An Open Letter to Sight & Sound
I hope to be included in the 2022 Sight & Sound decadal poll. I hope you are interested in the poll of a 50 year veteran.
When Sight & Sound first invited me to vote in their international 1972 decadal poll, I was one of two American academics to participate. The key to my invitation was that I founded and edited one of three major American film journals -- Film Heritage (1966-1978).
I was invited back for 1982 and 1992, but times changed. In a world of "likes" and "tweets," I became defunct.
I'm sending the following missive as the 2022 decadal poll approaches. It's my last hurrah. More a last WTF than a hurrah.
I've never been one to promote myself. It doesn't feel right. And my supposed achievements have dwindled and faded in the last few years in my own mind.
But I do have some mementos that I appreciate. I have a signed photo in which John Wayne writes, "Tony, you caught me in print as no one has. Thanks, Duke." Frank Capra called me a "genius," but he was a merry Sicilian given to easy overstatements. An aide to Hitchcock, after my interview with Hitch, told me Hitch said some things he had never heard him say before. Edith Head smiled and asked me, "How did you get me to say all I did?" And Sam Peckinpah growled, "What kind of a fucking question is that?"
But Duke, Capra, Hitch, Edith, Sam, et al. are all gone.
In 2022 there's a new world. Here is my top ten list.
- Citizen Kane (1941)
- The General (1926)
- Vertigo (1958)
- Jules et Jim (1962)
- La Dolce Vita (1960)
- 2001: A Space Odyssey (1968)
- Shane (1953)
- The Maltese Falcon (1941)
- Chinatown (1974)
- Philadelphia (1993)
There are only two films left from my initial top ten in 1972. Citizen Kane and The General have endured for 50 years.
I am surprised if not startled that I had no Hitchcock film in my list in 1972. That was quickly remedied in 1982 with my selection of Vertigo.
I also replaced Fellini's 8 1/2 with Fellini's La Dolce Vita. La Dolce Vita's evocative scenes have stayed with me. And I voted for Jules et Jim, which I had thought was on my original ten. Both are still on my 2022 top ten.
Chaplin's The Gold Rush has been on my list since 1972, but in 2022 I decided to choose between Chaplin and Keaton, and I bowed to the latter's ingenuity.
After 1972 I dropped The Birth of a Nation, L'Avventura, The Seventh Seal, Battleship Potemkin, Les Jeux Interdits, and Bonnie and Clyde.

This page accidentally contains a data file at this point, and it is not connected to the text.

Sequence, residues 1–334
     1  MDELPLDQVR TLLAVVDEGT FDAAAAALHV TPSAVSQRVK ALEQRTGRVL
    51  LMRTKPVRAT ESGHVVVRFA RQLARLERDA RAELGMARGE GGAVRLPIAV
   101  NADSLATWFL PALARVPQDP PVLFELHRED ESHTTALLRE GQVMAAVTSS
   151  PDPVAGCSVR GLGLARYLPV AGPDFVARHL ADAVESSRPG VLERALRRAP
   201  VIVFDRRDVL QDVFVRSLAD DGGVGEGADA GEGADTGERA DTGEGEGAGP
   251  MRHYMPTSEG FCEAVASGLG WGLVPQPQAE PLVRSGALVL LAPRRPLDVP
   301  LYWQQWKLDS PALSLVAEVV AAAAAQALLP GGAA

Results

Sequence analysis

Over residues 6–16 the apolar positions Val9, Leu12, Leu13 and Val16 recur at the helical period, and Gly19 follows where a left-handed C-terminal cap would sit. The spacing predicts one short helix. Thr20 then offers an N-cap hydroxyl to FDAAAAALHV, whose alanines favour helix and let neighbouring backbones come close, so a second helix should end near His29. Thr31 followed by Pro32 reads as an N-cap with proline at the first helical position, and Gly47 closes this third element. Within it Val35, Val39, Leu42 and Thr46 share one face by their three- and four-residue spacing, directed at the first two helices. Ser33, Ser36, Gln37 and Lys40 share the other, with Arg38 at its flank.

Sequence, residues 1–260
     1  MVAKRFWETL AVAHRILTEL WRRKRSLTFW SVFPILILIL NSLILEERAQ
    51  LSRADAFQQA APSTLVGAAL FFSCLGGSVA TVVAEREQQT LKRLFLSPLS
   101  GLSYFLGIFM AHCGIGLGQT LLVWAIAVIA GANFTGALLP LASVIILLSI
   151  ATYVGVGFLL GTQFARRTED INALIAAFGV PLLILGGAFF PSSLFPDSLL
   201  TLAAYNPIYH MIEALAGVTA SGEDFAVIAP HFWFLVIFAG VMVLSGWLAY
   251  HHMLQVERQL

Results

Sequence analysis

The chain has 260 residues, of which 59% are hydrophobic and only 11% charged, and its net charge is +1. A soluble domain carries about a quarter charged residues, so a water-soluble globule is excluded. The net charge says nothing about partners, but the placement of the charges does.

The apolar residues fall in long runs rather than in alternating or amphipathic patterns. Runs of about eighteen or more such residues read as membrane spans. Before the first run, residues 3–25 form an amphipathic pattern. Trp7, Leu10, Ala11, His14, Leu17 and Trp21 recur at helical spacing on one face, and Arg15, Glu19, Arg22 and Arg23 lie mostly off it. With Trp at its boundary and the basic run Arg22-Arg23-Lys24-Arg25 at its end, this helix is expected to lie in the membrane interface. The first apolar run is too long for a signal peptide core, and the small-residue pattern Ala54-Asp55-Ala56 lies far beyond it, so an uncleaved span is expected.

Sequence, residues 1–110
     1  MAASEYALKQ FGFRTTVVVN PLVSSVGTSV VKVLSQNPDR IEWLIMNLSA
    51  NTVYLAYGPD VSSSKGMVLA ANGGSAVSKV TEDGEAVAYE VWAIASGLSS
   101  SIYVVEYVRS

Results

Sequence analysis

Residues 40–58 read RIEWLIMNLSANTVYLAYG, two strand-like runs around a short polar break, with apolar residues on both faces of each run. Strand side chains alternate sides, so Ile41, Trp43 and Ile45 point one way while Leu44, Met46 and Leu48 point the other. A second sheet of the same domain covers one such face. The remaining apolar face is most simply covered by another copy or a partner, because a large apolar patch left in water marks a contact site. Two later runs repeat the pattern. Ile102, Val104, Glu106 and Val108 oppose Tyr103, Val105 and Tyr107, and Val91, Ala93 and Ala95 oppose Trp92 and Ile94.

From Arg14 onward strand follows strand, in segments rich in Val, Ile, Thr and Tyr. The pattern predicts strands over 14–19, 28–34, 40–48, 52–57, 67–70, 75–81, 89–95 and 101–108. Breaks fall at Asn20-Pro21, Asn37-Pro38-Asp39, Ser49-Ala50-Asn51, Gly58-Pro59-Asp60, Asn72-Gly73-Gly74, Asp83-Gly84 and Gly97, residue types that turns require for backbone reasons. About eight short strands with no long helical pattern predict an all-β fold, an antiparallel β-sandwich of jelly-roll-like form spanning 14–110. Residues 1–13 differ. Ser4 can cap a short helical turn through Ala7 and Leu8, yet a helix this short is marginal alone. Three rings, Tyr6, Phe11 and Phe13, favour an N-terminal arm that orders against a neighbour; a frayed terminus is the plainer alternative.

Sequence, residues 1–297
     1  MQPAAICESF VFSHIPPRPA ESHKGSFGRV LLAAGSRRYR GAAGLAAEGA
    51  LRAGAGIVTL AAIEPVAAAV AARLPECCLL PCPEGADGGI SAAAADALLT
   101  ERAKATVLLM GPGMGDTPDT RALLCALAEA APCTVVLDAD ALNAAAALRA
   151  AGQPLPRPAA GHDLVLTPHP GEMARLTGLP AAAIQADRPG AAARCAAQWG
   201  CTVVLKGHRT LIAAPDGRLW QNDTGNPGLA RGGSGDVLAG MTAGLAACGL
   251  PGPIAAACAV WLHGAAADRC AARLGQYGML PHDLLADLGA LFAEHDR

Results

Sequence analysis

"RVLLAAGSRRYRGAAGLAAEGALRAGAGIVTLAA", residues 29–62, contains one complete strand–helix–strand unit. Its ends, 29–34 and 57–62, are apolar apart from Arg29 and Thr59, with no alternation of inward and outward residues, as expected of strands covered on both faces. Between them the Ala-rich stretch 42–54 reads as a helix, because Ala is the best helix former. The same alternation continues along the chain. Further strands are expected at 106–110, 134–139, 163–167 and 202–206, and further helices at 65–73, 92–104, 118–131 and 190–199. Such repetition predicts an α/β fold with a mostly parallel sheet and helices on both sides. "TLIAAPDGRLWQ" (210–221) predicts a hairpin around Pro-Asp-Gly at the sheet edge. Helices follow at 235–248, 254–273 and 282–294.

L'Avventura and The Seventh Seal no longer have the cache they once did. Battleship Potemkin still has potency, but lists change.
Obviously, I dropped The Birth of a Nation -- I'm not going to charge into the buzzsaw of Spike Lee, et al. I'll let Jim Agee stand alone in his brilliant defense of it.
I overrated Bonnie & Clyde, but it was one of the most powerful experiences I ever had in a movie theater. Les Jeux Interdits was a sensitive war film. Its humanity touched me.
My 2022 list for the decadal poll has six films that have been on my decadal lists for several decades: Citizen Kane, Vertigo, Jules et Jim, La Dolce Vita, The General, and 2001: A Space Odyssey -- which I think may soar to the top of Sight & Sound's list in 2022. [I had a kinship with Stanley through correspondence over the years.]
Over 50 years I have shuffled westerns -- several on Sight & Sound's poll. I've chosen The Searchers, Once Upon a Time in the West, and in one poll for Sight & Sound, a Japanese critic and I chose Peckinpah's The Ballad of Cable Hogue.
For 2022, Shane has outlived them all. When I was a boy, Alan Ladd was my favorite actor. The character and the myth still live for me.
I also added John Huston's The Maltese Falcon. I have spent years trying to fight the mispronunciation of its title. It's not Foul-con; it's Fall-con. It's another battle I've lost. But the film transcends mispronunciation.
I've added Chinatown -- the ultimate personal film. It is my favorite film to teach -- making the dualities accessible.
My final film for the 2022 Sight & Sound top ten is Philadelphia. A movie that opens with music by Springsteen and closes with music by Neil Young is a keeper. Tom Hanks merited his Oscar for his withering performance. Director Jonathan Demme captivated with a natural touch. And Dr. J appears. Who could ask for anything more? It's a film for a Philly guy -- and a human being.